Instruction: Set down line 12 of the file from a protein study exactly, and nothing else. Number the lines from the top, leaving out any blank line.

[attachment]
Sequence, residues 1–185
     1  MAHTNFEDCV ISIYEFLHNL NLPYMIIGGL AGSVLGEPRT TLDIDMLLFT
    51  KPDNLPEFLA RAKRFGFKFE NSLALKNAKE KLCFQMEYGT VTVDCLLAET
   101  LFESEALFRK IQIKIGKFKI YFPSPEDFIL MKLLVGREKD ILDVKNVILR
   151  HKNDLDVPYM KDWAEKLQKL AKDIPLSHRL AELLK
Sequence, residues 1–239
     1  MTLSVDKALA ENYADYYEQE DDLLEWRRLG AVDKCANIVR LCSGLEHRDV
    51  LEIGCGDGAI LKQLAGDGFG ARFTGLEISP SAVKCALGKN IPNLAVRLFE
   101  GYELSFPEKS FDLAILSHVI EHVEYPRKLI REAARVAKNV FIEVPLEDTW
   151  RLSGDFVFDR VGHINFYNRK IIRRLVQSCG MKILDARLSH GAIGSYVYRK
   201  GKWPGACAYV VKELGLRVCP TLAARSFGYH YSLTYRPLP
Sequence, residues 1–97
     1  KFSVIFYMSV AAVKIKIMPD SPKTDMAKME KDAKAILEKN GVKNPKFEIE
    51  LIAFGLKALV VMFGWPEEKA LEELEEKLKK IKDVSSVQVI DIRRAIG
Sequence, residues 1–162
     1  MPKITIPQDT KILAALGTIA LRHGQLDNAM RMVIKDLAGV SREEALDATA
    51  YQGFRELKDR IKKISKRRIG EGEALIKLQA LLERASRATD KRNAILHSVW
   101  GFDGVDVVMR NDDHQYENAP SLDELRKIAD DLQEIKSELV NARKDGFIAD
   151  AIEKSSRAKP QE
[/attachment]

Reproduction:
Sequence, residues 1–97